Despair and Hope

From Krishnamurti’s Book COMMENTARIES ON LIVING 2

The little drum was beating out a gay rhythm and presently it was joined by a reed instrument; together they filled the air. The drum dominated, but it followed the reed. The latter would stop, but the little drum would go on sharp and clear, until it was again joined by the song of the reed. The dawn was still faraway and the birds were quiet but the music filled the silence. There was a wedding going on in the little village. During the previous evening there had been much gaiety; the songs and laughter had gone on late into the night, and now the parties were being awakened by music. presently the naked branches began to show against the pale sky; the stars were disappearing one by one, and the music had come to an end. There were the shouts and calling of children, and noisy quarrelling around the only water tap in the village. The sun was still below the horizon, but the day had begun.

To love is to experience all things, but to experience without love is to live in vain. Love is vulnerable, but to experience with out this vulnerability is to strengthen desire. Desire is not love and desire cannot hold love. Desire is soon spent and in its spending is sorrow. Desire cannot be stopped; the ending of desire by will, by any means that the mind can devise, leads to decay and misery. Only love can tame desire, and love is not of the mind. The mind as the observer must cease for love to be. Love is not a thing that can be planned and cultivated; it cannot be bought through sacrifice or through worship. There is no means to love. The search for a means must come to an end for love to be. The spontaneous shall know the beauty of love, but to pursue it ends freedom. To the free alone is there love, but freedom never directs, never holds. Love is its own eternity.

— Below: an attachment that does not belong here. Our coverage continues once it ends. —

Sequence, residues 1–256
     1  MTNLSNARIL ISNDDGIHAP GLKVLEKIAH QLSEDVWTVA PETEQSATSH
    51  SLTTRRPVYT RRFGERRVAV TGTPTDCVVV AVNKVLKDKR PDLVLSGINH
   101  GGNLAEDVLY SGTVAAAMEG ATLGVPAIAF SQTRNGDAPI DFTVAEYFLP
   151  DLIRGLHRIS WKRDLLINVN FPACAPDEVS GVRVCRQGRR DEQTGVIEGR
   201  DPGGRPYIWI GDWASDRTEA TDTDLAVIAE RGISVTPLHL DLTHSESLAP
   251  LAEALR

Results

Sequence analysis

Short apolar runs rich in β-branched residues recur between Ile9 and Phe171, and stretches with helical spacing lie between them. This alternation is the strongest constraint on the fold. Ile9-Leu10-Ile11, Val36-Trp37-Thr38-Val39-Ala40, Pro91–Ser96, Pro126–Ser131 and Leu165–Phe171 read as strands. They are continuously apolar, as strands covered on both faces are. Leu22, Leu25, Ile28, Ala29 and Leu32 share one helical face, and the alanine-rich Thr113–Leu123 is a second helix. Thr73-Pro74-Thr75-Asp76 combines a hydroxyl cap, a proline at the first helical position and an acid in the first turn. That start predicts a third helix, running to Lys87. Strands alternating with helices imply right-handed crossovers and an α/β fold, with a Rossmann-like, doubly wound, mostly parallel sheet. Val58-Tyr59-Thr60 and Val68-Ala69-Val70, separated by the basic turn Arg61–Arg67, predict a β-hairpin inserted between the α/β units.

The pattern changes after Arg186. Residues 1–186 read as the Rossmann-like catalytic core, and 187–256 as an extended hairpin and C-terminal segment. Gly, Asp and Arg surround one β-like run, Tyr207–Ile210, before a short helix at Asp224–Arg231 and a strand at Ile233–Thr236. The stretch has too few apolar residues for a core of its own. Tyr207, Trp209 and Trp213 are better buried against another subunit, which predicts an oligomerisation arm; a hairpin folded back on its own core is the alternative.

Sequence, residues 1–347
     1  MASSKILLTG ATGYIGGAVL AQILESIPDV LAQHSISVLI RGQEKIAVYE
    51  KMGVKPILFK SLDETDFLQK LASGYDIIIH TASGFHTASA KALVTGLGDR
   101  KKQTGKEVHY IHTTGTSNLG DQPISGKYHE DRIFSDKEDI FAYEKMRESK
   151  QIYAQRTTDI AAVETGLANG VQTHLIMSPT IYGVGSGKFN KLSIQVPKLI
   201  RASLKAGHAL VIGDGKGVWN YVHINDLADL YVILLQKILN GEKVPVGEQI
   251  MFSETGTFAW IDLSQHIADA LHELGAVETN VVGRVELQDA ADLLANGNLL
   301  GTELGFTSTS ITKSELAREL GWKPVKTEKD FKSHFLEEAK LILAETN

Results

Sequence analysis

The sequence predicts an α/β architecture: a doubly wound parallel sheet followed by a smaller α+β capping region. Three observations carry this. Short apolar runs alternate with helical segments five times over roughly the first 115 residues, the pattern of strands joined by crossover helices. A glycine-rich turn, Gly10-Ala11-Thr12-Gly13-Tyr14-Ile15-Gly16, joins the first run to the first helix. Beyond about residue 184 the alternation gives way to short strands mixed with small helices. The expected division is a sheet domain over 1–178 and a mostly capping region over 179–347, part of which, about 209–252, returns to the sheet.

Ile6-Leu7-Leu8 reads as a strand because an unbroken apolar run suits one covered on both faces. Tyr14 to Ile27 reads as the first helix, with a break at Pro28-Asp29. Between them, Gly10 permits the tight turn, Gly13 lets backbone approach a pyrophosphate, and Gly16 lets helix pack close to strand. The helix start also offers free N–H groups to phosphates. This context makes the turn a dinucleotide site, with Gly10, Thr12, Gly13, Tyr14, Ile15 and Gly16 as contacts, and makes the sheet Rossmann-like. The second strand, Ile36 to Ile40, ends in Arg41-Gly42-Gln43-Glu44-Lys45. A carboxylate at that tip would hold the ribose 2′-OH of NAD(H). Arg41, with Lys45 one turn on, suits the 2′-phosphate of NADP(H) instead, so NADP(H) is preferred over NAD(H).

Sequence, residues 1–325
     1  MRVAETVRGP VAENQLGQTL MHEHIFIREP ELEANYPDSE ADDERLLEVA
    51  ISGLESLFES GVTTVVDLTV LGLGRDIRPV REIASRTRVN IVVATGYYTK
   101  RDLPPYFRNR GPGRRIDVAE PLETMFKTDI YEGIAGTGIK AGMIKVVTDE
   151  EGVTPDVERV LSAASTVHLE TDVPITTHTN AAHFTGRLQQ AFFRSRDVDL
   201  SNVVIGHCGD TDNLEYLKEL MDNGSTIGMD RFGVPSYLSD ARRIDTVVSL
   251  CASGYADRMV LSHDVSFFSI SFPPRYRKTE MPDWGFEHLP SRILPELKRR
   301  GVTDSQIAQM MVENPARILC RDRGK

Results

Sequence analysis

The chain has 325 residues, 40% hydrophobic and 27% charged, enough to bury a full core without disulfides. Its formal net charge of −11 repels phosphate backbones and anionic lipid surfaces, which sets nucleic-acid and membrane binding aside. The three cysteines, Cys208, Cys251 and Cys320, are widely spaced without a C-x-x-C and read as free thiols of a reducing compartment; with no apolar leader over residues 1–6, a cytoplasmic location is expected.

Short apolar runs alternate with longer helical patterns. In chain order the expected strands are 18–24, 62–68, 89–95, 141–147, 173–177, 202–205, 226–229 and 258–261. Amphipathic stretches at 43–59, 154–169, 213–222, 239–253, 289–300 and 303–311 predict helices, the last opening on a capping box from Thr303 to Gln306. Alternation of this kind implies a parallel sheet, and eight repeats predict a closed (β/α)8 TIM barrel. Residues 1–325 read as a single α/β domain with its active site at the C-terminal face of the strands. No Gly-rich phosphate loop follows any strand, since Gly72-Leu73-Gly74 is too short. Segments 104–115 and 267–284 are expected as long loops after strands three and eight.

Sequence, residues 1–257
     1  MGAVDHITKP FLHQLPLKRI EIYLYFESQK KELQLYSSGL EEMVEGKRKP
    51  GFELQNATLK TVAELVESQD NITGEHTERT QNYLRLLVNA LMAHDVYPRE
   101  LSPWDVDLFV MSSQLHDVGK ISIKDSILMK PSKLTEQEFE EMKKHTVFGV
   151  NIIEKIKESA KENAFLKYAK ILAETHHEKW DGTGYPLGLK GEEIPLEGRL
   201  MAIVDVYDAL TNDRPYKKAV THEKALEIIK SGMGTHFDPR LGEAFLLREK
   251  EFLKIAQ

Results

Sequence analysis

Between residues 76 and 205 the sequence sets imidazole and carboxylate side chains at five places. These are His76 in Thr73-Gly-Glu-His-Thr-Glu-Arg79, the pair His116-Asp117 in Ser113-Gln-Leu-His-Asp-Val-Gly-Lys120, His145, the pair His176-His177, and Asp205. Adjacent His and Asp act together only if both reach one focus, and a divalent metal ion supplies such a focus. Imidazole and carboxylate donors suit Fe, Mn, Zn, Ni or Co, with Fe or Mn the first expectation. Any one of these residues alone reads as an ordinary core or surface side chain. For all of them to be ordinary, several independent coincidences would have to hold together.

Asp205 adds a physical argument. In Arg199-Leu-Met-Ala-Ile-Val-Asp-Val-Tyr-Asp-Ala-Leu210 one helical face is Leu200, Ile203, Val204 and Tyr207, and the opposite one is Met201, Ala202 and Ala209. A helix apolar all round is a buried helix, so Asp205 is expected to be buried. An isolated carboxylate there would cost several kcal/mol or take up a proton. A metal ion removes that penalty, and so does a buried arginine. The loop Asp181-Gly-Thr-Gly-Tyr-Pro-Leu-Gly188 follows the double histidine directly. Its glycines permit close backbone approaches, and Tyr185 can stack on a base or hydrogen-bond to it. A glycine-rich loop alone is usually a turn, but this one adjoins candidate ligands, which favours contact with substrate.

She spoke easily, and words came naturally to her, though still young, there was sadness about her; she smiled with distant remembrance and her smile was strained. She had been married but had no children, and her husband had recently died. It was not one of those arranged marriages, nor one of mutual desire. She did not want to use the word ‘love’, for it was in every book and on every tongue; but their relationship had been something extraordinary. From the day they were married till the day of his death, there had never been so much as a cross word or a gesture of impatience nor were they ever separated from each other, even for a day. A fusion had taken place between them, and everything else – children, money, work, society – had become of secondary importance. This fusion was not romantic sentimentalism or a thing imagined after his death, but it had been a reality from the from the very first. Their joy had not been of desire, but of something that went beyond and above the physical. Then suddenly, a couple of months ago, he was killed in an accident. The bus took a curve too fast, and that was that.